Cosplay (ã‚³ã‚¹ãƒ—ãƒ¬, kosupure), a contraction of the English words “costume” and “play”, is a Japanese subculture centered on dressing as characters from manga, anime, tokusatsu, and video games, and, less commonly, Japanese live action television shows, fantasy movies, or Japanese pop music bands. However, in some circles, “cosplay” has been expanded to mean simply wearing a costume.
The oxygen bar is a trend among night clubs that started in the late 1990s. Patrons inhale 50-99% oxygen from filtered or bottled air through a tube for 1-20 minutes, typically paying dollars per minute (the composition of the atmosphere we normally breathe is 78% nitrogen (N2), 21% oxygen (O2), and less than 1% of other gases and particulate matter).
“She Blinded Me With Science” is a New Wave song by British musician Thomas Dolby, released in 1983. It first appeared on the album The Golden Age of Wireless. It is a quirky, playful synth-pop number built around bouncy synthesizer hooks, but occasionally ventures into darker interludes meant to evoke early Hollywood mad scientist films such as Frankenstein.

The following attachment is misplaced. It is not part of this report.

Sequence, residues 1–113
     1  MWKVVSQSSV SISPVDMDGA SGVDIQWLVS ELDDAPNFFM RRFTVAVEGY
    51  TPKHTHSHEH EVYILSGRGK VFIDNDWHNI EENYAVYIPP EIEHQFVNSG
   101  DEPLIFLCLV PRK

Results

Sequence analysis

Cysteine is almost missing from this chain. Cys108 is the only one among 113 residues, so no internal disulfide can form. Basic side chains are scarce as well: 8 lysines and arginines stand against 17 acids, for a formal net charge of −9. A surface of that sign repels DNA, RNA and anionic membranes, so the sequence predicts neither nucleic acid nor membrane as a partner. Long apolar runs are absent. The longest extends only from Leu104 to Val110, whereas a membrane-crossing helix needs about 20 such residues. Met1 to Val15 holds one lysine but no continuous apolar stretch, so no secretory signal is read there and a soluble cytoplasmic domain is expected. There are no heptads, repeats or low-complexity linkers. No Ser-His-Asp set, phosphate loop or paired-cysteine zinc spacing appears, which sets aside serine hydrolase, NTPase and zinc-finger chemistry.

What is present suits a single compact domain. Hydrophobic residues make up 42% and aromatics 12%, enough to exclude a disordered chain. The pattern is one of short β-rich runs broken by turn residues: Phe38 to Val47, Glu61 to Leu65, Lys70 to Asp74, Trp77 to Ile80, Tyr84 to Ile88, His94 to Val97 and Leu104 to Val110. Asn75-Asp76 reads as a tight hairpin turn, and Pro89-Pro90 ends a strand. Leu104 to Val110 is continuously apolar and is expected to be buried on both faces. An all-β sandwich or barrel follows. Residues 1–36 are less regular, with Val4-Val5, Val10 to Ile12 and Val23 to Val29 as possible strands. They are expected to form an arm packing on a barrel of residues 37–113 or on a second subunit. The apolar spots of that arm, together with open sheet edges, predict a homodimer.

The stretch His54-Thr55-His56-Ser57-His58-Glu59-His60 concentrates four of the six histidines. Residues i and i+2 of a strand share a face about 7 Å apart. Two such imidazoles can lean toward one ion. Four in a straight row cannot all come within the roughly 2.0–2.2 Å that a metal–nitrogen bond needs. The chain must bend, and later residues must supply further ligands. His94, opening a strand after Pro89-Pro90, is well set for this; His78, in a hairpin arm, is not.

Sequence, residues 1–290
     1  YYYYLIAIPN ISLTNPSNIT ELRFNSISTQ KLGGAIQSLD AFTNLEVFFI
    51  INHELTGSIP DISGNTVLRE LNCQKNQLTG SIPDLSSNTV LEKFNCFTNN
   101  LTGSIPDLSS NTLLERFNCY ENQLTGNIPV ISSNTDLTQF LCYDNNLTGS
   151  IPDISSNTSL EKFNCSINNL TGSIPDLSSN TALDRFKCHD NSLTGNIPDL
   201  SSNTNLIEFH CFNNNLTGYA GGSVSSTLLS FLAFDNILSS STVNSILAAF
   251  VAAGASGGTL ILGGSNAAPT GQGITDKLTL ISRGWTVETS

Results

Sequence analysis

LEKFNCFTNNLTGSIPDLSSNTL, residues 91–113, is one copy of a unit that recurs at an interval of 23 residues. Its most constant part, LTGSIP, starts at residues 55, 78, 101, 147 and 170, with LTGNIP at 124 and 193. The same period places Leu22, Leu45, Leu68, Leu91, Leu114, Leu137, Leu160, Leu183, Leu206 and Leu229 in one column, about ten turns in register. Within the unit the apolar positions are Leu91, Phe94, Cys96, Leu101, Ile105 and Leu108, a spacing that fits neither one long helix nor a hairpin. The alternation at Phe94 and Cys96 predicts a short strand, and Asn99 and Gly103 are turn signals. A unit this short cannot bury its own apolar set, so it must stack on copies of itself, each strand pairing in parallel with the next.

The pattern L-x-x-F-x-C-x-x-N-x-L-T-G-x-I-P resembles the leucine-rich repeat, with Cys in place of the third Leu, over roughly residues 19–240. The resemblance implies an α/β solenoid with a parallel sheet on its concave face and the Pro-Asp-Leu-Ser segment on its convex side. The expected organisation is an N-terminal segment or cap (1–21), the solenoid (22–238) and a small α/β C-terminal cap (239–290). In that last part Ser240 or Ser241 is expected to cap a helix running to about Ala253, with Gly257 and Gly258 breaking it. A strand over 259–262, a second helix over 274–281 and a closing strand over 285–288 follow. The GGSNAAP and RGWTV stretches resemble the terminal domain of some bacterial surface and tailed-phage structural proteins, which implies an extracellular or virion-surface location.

A host club is similar to a hostess bar, except that female customers pay for male company. Host clubs are typically found in more populated areas of Japan, and are famed for being numerous in Tokyo districts such as KabukichÅ, and Osaka’s Umeda and Namba.
A Bhikkhuni is a fully ordained female Buddhist monastic. Male monastics are called Bhikkhus. Both Bhikkunis and Bhikkhus live by the vinaya. Bhikkhunis hold 311 vows. Bhikkhuni orders enjoy a broad basis in Mahayana countries like Japan, Korea, Vietnam and Taiwan.
Traditional dolls in Japan are known by the name of ‘ningyÅ’, which means ‘human figure’ in Japanese. Some experts see a continuity in the making of human images by the ancient Jomon culture in Japan (8000-200 B.C.E.) and in the Haniwa funerary figures of the subsequent Kofun culture. Expert Alan Pate notes that temple records refer to the making of a grass doll to be blessed and thrown into the river at Ise Shrine in 3 B.C.; the custom was probably even more ancient, but it is at the root of the modern Doll Festival or Hina Matsuri.